Washington, D.C. Council Will Consider Legislation to Decriminalize Marijuana Possession
WASHINGTON, D.C. – The Council of the District of Columbia will consider legislation that would decriminalize possession of small amounts of marijuana in the District. Councilmember Tommy Wells, chair of the council's Committee on the Judiciary and Public Safety, announced the proposal at a press conference Wednesday morning.
The measure would remove criminal penalties for possession of less than one ounce of marijuana for individuals 18 years of age and older and replace them with a civil fine of $100, similar to a traffic ticket. Individuals under the age of 18 would face a civil fine of $100 and would be required to attend a drug and alcohol awareness program.
"The District's current policy of arresting and prosecuting thousands of adults for marijuana possession each year is doing far more harm than good," said Morgan Fox, communications manager for the D.C.-based Marijuana Policy Project. "Nobody should face life-altering criminal penalties simply for possessing a substance that is objectively less harmful than alcohol, and law enforcement officials' time and attention would be better spent addressing serious crimes.
"It is time to adopt a more sensible marijuana policy in our nation's capital, and that is what Councilman Wells has proposed," Fox said.
The District has the country’s highest arrest rate for marijuana possession – it is more than three times the national average – and blacks are more than eight times more likely to be arrested for possession than whites, according to a report released in June by the American Civil Liberties Union (ACLU).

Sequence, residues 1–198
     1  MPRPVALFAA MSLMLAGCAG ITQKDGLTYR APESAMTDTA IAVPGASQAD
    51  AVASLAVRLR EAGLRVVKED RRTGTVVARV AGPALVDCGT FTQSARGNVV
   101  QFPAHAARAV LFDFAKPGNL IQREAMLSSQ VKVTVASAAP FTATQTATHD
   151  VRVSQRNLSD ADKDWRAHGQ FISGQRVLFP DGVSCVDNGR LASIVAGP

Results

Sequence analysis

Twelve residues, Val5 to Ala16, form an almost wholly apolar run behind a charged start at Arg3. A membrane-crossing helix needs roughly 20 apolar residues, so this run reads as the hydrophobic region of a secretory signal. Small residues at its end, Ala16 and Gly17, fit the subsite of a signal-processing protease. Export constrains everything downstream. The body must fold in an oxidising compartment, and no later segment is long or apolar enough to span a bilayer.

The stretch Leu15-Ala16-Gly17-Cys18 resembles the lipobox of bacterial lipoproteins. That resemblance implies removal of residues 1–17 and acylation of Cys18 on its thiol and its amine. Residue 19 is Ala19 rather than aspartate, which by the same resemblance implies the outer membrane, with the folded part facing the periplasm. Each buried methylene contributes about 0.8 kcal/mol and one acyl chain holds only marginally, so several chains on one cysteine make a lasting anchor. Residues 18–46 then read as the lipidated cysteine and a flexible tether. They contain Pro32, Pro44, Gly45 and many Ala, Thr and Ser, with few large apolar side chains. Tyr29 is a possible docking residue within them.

Three out of four Washington, D.C. voters support changing District law to replace criminal penalties for possession of limited amounts of marijuana with a civil fine similar to a traffic ticket, according to a survey conducted in April by Public Policy Polling. Two-thirds said they believe law enforcement resources currently being used by District police to arrest individuals for marijuana possession should be directed toward other crimes. The full survey results are available at http://www.mpp.org/DCpoll.
Seventeen states have decriminalized marijuana possession. Two of those states, Colorado and Washington, have removed all penalties for adult marijuana possession.